Yoshinori Ono is Capcom's big rising star. He's the face of Street Fighter's reinvention with Street Fighter IV, brought back Marvel vs. Capcom for a third installment, and is now crossing over with Tekken.
His games have been multi-million sellers, and for all the gripes from the hardcore community, they sure do play these games a lot.
Gamasutra took a brief moment to discuss fighting games with Ono in a general sense, and to find out where he's taking them.
With SF IV Arcade Edition, you've added Yun and Yang, two of the most notorious characters from SF III. From what I've heard, they still manage to dominate the way they did before. Did you do anything to try to combat this?
Yoshinori Ono: Yes. We pay constant attention to the balance of our characters and overall roster. But the emergence of abilities or strengths that exceed the intentions of our developers and test players is simply an inevitable reality.
We on the team did everything within our power to have those characters turn out differently than they did in SFIII, but evidently they still had unknown strength hiding beneath the surface.
UI is extremely important in fighters. There can't be too many bars on screen, but there's often a lot of information to communicate, with different special and super meters and health bars and the like. How do you tune all this so that you can get the maximum information in minimum screenspace? How much iteration did you do to reach where you are now?
To me, the ideal is still the original Street Fighter I or II. The truth is, the number of gauges present on screen in IV do divert focus from the core fighting game within, but they are necessary as a way to further evolve the series and to cater to higher-tier players.
Because of this, we have to carry out a repetitive trial-and-error process wherein we create a number of test cases, aiming all the while for a screen design that allows players to clearly see the necessary information without hindering their view of the actual game. There are also times where we release a number of different versions and ask for the opinions of the players who try out each of them.
Games like those by Arc System Works have a whole lot of flashy graphics and words on top of their playing field, especially at the beginning of the round. Street Fighter IV is a bit more spare, and feels more utilitarian. What is the choice there, between flash and function?
Hmm, that's a good question, actually [laughs]. I didn't really research the works of other companies in making this, so it's hard to really say anything. If there was any particular plan at work here, I suppose you could say we were trying to cultivate a look that bore the "Capcom DNA."
Ultimately I think the fundamental concepts established in SFII were wonderful. What we see in the visual design of SFIV is the result of our trying to logically dissect what those fundamental concepts were and how they were significant.
I would like to continue taking in feedback from players and incorporate them into an Arcade Edition version upgrade in the future.
In the case of Street Fighter x Tekken, you're taking two totally separate playing styles and trying to merge them. How do you make this make sense for the player, in terms of gameplay?
This is a truly challenging task, to be sure. But it is said that the original Tekken team was influenced by SFII when they made Tekken, so there are many aspects of Tekken that do translate well to Street Fighter.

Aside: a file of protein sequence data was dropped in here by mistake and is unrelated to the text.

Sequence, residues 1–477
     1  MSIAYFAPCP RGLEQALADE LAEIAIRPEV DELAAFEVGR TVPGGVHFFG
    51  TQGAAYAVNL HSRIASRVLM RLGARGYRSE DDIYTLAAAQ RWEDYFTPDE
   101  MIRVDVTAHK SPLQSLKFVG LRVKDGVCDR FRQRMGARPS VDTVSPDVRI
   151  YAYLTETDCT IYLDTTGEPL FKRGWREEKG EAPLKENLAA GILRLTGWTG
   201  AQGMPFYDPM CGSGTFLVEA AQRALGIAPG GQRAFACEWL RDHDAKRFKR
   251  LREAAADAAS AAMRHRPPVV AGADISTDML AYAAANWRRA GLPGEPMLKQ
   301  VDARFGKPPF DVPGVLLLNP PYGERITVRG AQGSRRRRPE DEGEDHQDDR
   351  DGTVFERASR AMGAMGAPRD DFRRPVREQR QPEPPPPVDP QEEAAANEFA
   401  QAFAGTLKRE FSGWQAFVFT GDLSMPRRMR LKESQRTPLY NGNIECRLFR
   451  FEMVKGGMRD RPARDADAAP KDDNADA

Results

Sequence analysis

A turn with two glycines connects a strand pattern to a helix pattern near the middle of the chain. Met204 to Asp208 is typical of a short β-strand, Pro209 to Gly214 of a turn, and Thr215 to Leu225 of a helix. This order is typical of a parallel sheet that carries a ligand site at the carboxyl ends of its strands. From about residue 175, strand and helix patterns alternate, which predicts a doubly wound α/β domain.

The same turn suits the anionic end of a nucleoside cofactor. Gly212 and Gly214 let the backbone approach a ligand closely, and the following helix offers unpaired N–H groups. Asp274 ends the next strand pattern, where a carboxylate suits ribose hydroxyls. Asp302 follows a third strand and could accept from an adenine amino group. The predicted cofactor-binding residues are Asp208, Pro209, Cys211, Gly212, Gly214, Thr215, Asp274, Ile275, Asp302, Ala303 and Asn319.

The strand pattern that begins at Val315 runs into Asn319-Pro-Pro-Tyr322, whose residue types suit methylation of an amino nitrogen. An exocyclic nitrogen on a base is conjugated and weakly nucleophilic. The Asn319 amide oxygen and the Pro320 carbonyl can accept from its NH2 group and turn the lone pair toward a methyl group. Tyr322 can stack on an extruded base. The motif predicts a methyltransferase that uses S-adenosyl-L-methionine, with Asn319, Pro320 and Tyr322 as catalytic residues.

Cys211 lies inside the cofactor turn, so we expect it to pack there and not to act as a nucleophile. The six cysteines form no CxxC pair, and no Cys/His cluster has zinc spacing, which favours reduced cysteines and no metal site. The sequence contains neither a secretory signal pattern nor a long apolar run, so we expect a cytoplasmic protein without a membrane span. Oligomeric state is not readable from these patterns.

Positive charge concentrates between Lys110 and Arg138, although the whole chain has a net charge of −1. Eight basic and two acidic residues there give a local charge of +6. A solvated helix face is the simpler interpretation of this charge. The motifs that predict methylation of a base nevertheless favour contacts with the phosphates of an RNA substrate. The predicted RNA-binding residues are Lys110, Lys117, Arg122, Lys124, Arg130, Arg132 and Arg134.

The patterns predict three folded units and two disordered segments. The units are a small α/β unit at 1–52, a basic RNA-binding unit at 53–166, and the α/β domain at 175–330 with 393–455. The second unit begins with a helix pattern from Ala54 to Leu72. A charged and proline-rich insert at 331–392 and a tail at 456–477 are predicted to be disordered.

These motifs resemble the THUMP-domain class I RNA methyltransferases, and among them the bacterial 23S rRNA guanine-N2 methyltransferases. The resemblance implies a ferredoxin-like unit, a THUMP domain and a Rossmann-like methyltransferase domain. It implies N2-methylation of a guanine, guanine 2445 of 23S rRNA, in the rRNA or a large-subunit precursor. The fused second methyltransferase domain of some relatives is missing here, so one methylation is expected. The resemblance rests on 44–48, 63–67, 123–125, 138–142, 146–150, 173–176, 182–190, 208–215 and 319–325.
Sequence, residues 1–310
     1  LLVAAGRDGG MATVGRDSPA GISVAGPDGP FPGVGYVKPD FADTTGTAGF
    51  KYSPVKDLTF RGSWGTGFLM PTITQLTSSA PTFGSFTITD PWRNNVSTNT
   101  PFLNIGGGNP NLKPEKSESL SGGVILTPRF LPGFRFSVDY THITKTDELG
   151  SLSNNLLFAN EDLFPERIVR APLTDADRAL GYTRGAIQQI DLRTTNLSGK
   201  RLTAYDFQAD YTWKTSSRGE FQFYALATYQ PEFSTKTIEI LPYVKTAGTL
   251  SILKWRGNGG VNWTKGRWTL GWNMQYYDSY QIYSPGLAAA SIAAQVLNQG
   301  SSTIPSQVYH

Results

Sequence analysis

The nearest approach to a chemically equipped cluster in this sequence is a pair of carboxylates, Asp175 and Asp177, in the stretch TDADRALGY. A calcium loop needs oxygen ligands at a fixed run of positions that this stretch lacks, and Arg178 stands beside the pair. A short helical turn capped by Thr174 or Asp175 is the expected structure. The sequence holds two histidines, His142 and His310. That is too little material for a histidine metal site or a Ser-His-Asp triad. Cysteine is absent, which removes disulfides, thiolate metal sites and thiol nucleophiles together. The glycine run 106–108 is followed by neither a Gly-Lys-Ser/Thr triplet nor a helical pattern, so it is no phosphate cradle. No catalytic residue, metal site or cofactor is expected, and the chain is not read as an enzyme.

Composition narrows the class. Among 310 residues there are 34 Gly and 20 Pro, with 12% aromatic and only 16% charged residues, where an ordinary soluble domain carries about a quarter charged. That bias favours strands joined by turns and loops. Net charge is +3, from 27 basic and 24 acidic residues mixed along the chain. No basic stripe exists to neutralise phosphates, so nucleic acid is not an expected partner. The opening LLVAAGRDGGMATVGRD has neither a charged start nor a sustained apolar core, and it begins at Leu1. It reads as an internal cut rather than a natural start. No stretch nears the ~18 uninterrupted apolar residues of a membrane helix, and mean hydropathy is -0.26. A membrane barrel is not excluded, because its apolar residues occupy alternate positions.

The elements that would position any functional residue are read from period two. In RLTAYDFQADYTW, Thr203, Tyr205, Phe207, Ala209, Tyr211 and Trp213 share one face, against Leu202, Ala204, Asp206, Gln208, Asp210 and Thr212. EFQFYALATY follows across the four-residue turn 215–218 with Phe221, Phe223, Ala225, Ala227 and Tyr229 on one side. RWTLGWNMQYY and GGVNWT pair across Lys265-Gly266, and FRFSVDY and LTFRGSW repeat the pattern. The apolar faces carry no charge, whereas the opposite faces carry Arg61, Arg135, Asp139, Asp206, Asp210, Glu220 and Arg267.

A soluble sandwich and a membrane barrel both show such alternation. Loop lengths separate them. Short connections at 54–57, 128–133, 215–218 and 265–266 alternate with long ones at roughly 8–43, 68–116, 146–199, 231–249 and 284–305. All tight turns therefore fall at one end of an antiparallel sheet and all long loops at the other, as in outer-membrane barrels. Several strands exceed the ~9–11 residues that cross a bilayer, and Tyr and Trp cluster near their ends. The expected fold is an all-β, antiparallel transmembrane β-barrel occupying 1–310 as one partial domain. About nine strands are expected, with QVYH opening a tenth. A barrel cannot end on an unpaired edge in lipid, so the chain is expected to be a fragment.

The Street Fighter team was able to use these translatable aspects as a way to connect the two series and come up with a rule set that would make sense to fans of both series. The team is currently hard at work perfecting these rules as we speak [laughs].
I think the gate of entry into a new game is particularly important. We've made this game so that Tekken players will be able to use a button input style that they're used to. It's our way of preventing people from stumbling their way through that gate of entry.
The visual styles of both games have traditionally been different as well. Can you talk about the thinking behind how to integrate them? Going for a slicker shinier look, et cetera.
Tekken really excels in its serious imagery. Street Fighter, meanwhile, is a series that uses more illustrative or cartoony imagery. For Street Fighter x Tekken, we've used Street Fighter's cartoony style as a foundation, and then asked ourselves how we can make that style look cooler, more sophisticated.
We feel that this thought process has resulted in a visual style that allows Tekken to enter the world of Street Fighter without coming off as unnatural, and this is the key point we kept in mind when proceeding with the creation of our graphics.
What is the push and pull between the Capcom side and the Namco side, in terms of who controls which characters, how moves are balanced, and all that? I'm sure there are a lot of logistics there!
I am extremely grateful for the fact that the Street Fighter team and Tekken team have great respect for one another. We have mutual respect for each others' prior works, methods, and accomplishments, not just from a visual standpoint, but also in terms of their foundational elements. As a result, there has been no censorship or restrictive input on Namco's part.
We do periodically send the latest ROMs off to Namco's R&D staff, but merely ask that they provide whatever constructive opinions they might have. There hasn't been any "butting of horns" [laughs].
Now that Capcom has done so much work to bring fighting games back to the fore, what are the chances of a Capcom vs SNK 3?
The team is currently working exhaustively to finish Street Fighter x Tekken, so we aren't really looking at other collaborations right now. . . .
My personal dream is to create "Marvel vs. D.C." before I die. That would make me very happy!